This is a salute to my colleague Colin Shalk, hence the title of this post. I don't know if Colin would ever hide a rock hammer in a Bible like our protagonist Andy Dufresne, but he is just as clever in the outcome of today's case du jour, with a little bit of chipping away at the supremacy of the AMA Guide, 5th Edition. Remarkably, Shawshank was initially overlooked by critics [much like the 6th Edition] when it came out (1994) because 1994 was a banner year for Hollywood (headed by Forrest Gump). Shawshank, however, has since appeared with regularity on many cable stations so that it has now become one of the most quoted movies in American culture. Almost as iconic as a Dr. Rodgers' permanency rating.
But back to Colin. And a result freeing this IAB panel from the bondage of the AMA Guides, 5th Edition, which has remained the more popular version of The Guides in terms of frequency and basis of IAB awards. And in Colin's own words, here's what went down:
"Cassandra and Scott [Mondell], a few months ago, I spoke to both of you about the Board's predilection for awarding impairments for artificial disc replacements for the lumbar spine. I spoke to a few others along the way. The case was eventually tried before the Board on October 18 with the Board being given the choice between Dr. Rodgers' use of the AMA Guide 5th Edition and 29% and Dr. Barrish's use of the AMA Guide 6th Edition and 7%. It awarded the 7% for the reasons stated in the decision.....
Jeff Gentilotti gave Dr. Barrish a pretty difficult time at his deposition. While I think that the man was ultimately right about his use of the 6th Edition Guide, he has a pretty rudimentary view of it. As usual, Dr. Rodgers appeared at the Board and tried to cobble a number of unrelated matters into one overall opinion and it just didn't hold together. [The Board] wasn't buying Dr. Rodgers' view of the similarities between a fusion and a disc replacement and his assumption that the patient having a disc replacement would ultimately lose motion and mimic a fusion.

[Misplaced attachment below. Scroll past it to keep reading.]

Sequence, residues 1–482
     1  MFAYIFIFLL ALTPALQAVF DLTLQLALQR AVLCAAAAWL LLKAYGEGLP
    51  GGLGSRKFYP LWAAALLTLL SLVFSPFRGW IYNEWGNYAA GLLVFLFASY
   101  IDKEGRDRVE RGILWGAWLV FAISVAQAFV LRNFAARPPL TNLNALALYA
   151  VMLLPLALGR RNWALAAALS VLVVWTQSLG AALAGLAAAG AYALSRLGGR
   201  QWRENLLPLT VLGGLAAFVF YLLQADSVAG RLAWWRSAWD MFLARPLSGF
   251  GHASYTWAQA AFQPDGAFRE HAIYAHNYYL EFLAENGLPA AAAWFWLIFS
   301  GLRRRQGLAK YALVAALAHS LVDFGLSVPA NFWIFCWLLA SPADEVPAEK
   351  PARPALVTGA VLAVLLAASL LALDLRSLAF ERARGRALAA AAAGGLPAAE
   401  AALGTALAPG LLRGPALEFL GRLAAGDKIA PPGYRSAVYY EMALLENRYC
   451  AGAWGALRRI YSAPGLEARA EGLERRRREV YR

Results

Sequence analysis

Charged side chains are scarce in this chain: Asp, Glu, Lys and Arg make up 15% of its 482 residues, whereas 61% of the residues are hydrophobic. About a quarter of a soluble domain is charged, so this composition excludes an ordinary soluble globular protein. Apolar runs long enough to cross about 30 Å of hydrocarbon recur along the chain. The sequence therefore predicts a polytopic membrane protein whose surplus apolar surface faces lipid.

The facts may well change from case to case but the case is probably going to live for the proposition that a disc replacement and the use of the AMA Guide 6th Edition are now intertwined."
The case in question is William Jackson v. Fletcher's Heating & Plumbing, IAB#1319732 (11/1/11), authored by Hearing Officer Lydia Anderson. A famous line from the movie comes to mind: "Get busy living or get busy dying." In this case, you just better "get busy" mastering the Guides-because I am not sure the issue of the 5th versus the 6th remains a "no-brainer". Moreover, the Board was not swayed by the argument that Dr. Rodgers has a certification in interpretation of the AMA Guides whereas Dr. Barrish does not.
For my part, I am going to "get busy" working on my next post.....
Irreverently yours,Cassandra Roberts
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Your title is a little over the top. The factual dispute in this case makes generalizing anything from it problematic. The real problem the Board has failed to address in these cases is that there must be a reason to accept the 6th instead of the 5th where the 5th has long been held as the standard the Board has been using for determining the degree of permanency, since presumably it has over time found a way to adjust the findings in the 5th to accord with our statute. Remember those? They are what govern this. The issuance of another edition of the guides that simply has a different result than the previous edition cannot be reconciled with the statute unless there are specific issues that cause the new edition to be more applicable than the previous edition. We have all gotten so used to this fiction that the Board has accepted the 5th edition as in accord with the statute in some way so that it can base rulings choosing one doctor over another because of the credibility of one interpretation of the guides over the other that all consideration of what is in accord or not with the statute has been lost utterly. -----Henry.
BTW, One of my favorite movies of all time. Actually made the SK story better, unlike almost all other interpretations of King's work, except for Stand By Me/The Body perhaps.